Examines the role of technology licensing in strategies for high-tech companies. In the 1990s, Rambus developed a revolutionary storage technology that would improve the ability of DRAM to keep up with ever-faster microprocessors. To commercialize the technology, Rambus licensed the technology to several DRAM supplier that had to agree that Rambus to Cross-License Any improvements a licensee to all other licensees. In his attempt to set the standard for the industry, faced Rambus … Read more »

Examines the role of technology licensing in strategies for high-tech companies. In the 1990s, Rambus developed a revolutionary storage technology that would improve the ability of DRAM to keep up with ever-faster microprocessors. To commercialize the technology, Rambus licensed the technology to several DRAM supplier that had to agree that Rambus to Cross-License Any improvements a licensee to all other licensees. In his attempt to set the standard for the industry, faced Rambus competition from higher frequency versions of standard DRAMs, a consortium of DRAM manufacturers and system houses, as SyncLink Consortium known, and an alternative DRAM technology as Double Data Rate SDRAM known. Rambus’ relationship with Intel, the dominant producers of microprocessors not prove as successful as each party would have wished. Rambus was even more devastating to his disputes with several of its customers, the DRAM vendors, and a suit by the Federal Trade Commission. Was allowed although most of the complaints against Rambus had dropped in 2004, Rambus had a new strategy to build their business for the future.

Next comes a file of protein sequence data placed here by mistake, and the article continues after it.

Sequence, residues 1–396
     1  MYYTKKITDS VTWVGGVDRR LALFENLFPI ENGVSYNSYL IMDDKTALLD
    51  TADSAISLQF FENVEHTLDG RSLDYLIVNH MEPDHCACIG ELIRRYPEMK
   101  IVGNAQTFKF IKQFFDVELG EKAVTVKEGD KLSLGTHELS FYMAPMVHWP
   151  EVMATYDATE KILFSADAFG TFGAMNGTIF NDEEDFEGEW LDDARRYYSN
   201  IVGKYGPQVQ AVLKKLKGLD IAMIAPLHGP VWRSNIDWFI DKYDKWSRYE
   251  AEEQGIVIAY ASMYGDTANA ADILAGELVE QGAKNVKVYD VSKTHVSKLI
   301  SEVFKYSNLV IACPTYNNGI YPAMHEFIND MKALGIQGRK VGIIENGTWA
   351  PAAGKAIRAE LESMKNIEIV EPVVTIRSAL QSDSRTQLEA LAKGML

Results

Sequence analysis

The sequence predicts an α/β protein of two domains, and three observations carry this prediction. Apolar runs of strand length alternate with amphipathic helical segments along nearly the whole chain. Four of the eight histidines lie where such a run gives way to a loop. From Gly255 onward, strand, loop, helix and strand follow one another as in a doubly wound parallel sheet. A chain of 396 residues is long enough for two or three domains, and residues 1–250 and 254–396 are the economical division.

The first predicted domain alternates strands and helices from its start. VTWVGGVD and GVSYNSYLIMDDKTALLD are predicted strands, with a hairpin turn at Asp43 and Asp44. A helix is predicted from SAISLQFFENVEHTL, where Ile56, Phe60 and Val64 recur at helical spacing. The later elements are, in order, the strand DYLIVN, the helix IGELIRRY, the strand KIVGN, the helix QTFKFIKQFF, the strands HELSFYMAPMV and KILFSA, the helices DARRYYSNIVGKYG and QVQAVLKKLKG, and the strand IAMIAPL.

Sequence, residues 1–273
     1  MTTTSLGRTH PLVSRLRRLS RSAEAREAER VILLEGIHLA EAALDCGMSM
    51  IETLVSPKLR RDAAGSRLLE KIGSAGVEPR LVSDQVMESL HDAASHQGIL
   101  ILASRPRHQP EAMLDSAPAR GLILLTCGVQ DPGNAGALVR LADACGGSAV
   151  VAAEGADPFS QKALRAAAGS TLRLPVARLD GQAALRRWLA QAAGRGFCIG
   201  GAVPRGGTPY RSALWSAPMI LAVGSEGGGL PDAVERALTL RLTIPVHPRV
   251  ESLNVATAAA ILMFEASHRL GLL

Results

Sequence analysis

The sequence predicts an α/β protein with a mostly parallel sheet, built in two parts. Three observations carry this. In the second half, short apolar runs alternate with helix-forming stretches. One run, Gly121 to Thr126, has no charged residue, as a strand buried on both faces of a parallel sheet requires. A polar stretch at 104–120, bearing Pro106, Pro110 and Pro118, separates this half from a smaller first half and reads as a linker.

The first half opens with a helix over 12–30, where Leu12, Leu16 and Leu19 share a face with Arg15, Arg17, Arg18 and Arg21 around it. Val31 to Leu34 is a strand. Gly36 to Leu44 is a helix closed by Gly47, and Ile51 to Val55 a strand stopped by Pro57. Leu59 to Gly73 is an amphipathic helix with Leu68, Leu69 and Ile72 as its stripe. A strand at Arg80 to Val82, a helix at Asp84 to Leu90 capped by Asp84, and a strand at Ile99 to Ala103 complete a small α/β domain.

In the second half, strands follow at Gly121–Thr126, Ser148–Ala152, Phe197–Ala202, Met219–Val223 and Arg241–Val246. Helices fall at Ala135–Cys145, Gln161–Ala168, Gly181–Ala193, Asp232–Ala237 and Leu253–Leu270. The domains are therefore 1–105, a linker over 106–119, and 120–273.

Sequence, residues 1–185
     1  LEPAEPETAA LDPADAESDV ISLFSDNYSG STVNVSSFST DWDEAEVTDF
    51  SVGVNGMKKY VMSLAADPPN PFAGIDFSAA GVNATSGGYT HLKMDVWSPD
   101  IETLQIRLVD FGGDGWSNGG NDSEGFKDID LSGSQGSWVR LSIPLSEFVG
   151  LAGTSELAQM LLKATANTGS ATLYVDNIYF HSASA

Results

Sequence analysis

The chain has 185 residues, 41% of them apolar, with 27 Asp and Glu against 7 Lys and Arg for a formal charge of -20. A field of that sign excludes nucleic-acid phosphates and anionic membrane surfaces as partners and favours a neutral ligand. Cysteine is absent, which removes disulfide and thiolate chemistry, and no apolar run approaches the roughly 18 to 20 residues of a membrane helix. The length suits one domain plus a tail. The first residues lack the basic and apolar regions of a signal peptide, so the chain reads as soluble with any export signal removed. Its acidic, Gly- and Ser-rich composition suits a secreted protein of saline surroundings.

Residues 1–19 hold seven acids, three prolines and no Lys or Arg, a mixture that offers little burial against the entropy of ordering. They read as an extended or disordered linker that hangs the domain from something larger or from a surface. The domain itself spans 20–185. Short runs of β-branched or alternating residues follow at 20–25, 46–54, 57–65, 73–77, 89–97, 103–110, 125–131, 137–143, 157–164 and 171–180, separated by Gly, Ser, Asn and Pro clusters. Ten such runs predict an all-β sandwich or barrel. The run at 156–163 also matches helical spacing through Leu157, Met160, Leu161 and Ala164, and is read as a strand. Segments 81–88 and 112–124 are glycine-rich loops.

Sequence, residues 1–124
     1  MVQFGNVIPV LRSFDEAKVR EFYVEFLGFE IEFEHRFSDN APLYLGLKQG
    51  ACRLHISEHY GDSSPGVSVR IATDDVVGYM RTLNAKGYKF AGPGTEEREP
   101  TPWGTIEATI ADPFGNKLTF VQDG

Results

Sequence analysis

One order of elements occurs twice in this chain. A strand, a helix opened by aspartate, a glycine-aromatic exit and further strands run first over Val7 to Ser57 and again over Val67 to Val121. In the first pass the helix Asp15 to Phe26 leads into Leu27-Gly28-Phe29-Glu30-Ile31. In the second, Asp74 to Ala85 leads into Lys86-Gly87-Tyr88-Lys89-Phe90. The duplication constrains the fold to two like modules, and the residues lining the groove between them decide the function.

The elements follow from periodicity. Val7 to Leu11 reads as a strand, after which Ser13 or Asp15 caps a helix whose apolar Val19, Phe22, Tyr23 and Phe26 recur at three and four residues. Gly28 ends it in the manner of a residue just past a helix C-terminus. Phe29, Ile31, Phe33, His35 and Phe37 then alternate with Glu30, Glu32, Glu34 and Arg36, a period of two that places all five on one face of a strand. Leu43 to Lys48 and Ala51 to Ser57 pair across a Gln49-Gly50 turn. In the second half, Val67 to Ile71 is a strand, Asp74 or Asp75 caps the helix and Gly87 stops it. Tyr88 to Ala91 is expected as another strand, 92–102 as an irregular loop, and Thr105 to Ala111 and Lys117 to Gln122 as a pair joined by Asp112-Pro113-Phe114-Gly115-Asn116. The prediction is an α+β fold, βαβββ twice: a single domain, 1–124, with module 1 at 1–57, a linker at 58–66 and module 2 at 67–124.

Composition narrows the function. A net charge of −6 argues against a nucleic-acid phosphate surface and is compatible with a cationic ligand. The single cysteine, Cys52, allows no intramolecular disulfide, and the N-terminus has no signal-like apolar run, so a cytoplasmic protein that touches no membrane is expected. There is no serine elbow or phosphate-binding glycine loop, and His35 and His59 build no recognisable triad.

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from
David B. Yoffie,
Debbie Free
Source: Harvard Business School
23 pages.
Release Date: 03 Jun, 2004. Prod #: 704500-PDF-ENG
Rambus Inc. 2004 HBR case solution

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